Wednesday, November 6, 2013

IWSG: Horror Writing Workshop and Cover Reveal of Jay Noel's Dragonfly Warrior

 

It's the first Wednesday of the month, so you know what that means ... it's time for another Insecure Writer's Support Group meeting. IWSG was created by the awesome ninja captain Alex J. Cavanaugh, and you can find out the other members of the group here.

Happy Wednesday!

On October 23, I drove up to Charlottesville, VA with my mom to give a presentation on writing horror to the Blue Ridge Writers. It was my very first time giving a workshop completely by myself. I'd been on panels before, but that's much different. I think the workshop went fairly well, although there were some problems too.

As for what I talked about, I started off mentioning fear and the unknown, transitioned to what drew me to writing horror, talked about horror subgenres and then the elements of writing horror, and lastly, I mentioned about publishing horror.

Here's what went well:
  • People laughed at my jokes. Humor and horror isn't easy, but I got laughs in all the right places.
  • For the most part, the audience seemed engaged in what I was saying.
  • I know I inspired at least one person to try her hand at writing horror.
  • I had good questions after the presentation, even though I didn't always know how to answer said questions.
  • I sold five books and gave out some bookmarks afterwards.
  • I was told by a writing teacher that I had excellent transitions to my speech.
  • The idea of a half-day horror writing workshop where we'd work on writing horror was thrown out there, so I must've made a fairly good impression.
Here's what could've been better:
  • Directions. Yes, I got lost. Several times. Charlottesville is a confusing city. Next time I would need to study the maps more.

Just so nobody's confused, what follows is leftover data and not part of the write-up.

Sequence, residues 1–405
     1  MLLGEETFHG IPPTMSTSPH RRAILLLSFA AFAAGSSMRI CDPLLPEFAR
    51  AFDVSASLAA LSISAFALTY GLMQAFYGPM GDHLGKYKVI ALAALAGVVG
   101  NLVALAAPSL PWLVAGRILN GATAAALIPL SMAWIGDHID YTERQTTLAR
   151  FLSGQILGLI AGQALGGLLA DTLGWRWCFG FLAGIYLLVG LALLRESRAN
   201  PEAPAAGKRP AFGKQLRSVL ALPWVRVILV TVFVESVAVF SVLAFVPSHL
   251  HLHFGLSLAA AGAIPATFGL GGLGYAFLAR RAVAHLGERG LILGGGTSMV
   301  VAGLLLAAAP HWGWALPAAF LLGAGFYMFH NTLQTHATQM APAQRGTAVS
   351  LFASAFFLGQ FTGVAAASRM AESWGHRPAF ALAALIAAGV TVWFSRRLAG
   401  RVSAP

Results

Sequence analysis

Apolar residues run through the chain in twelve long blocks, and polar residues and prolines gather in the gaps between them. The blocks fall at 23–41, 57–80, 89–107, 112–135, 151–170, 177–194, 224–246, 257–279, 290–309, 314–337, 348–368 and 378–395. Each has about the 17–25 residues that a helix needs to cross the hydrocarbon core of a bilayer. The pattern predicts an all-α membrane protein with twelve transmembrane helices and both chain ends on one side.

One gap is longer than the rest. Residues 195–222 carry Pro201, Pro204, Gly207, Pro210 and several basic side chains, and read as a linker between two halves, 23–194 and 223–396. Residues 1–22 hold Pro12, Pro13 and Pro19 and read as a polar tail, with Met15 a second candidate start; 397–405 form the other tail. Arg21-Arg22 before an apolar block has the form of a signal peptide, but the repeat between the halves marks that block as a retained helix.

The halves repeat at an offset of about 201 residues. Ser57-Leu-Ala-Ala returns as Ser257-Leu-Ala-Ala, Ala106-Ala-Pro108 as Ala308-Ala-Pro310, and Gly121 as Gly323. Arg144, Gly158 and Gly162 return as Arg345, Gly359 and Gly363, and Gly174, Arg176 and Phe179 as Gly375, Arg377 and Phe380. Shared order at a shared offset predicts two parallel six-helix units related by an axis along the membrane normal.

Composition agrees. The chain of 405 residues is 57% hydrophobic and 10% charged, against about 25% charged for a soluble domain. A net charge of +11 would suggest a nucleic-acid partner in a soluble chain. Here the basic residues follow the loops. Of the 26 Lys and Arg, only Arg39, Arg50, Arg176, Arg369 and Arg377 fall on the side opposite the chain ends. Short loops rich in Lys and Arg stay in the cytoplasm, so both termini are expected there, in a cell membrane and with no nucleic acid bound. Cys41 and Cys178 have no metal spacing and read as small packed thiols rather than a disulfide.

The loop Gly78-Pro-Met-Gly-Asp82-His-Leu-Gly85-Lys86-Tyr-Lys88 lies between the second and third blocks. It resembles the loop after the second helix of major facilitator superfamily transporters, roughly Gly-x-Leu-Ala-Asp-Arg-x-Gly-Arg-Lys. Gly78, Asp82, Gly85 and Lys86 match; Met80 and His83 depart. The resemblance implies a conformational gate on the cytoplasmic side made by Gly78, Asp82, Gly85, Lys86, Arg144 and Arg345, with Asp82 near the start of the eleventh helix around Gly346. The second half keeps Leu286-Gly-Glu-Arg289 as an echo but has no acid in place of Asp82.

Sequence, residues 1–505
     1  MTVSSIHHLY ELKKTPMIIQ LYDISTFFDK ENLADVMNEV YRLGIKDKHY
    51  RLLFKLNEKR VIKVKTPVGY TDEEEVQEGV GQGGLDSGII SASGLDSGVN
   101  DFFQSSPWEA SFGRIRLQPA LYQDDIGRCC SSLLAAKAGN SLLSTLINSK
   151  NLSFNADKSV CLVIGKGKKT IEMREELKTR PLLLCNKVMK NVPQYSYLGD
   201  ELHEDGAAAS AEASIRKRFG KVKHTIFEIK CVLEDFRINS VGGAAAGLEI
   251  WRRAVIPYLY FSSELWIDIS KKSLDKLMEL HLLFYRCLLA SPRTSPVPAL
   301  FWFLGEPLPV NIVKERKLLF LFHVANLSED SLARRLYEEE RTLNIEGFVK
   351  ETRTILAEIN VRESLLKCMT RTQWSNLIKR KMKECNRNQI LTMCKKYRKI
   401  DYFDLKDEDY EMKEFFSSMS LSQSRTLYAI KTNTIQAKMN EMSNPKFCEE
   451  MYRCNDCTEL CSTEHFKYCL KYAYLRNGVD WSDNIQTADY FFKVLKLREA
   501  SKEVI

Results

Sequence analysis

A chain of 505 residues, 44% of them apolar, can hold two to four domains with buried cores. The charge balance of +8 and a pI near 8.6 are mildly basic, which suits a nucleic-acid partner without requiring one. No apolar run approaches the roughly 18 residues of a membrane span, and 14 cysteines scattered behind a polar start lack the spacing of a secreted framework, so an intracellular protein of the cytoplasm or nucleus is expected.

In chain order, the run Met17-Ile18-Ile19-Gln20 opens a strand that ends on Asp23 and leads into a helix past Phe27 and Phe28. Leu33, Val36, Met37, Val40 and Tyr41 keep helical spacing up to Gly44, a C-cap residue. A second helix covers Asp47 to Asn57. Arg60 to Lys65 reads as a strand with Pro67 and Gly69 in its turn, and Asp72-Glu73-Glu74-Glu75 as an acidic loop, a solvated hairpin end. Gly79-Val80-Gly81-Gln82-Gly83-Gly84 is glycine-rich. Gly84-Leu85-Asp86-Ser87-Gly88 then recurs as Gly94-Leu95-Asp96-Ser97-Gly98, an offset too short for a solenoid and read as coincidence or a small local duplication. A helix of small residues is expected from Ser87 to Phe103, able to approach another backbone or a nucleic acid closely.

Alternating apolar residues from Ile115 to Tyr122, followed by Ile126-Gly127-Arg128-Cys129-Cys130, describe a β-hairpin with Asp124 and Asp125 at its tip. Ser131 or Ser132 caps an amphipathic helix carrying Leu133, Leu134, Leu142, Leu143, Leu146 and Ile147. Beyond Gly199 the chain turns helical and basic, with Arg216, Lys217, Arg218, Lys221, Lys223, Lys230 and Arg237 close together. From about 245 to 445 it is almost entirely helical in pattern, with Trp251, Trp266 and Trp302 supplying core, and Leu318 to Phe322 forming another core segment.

• My Kindle became possessed. I wrote out my speech and put it on my Kindle. For some reason, when I would turn a page here and there, it wouldn't have the next line. I would have to skip forward 2-3 pages and then go back to find my place. This ate up time and created awkward pauses, since I hadn't had the time to be as prepared as I wanted to be. Of course, when I got home, everything was there as planned.
  • A few places I noticed I was losing the audience because I guess what I was saying was a bit boring or not as exciting as other parts.
What would I do differently:
  • Prepare more and try to memorize what I want to say. I would've done this, but September and the first part of October were crazy. By the time I got time to work on my workshop, I didn't have the time to memorize what I wanted to say, so I had to rely heavily on my notes. Next time, I will be better prepared.
  • Cut out the boring parts. Try to make each little bit more engaging. I also need to make it even more my own voice. Since I was running out of time, some of the speech was a cut and paste from my notes.
  • Create goodie bags to hand out from the start with my business card, bookmarks, and maybe some candy. After the Q and A section was over, most people left before I could hand out any of those items.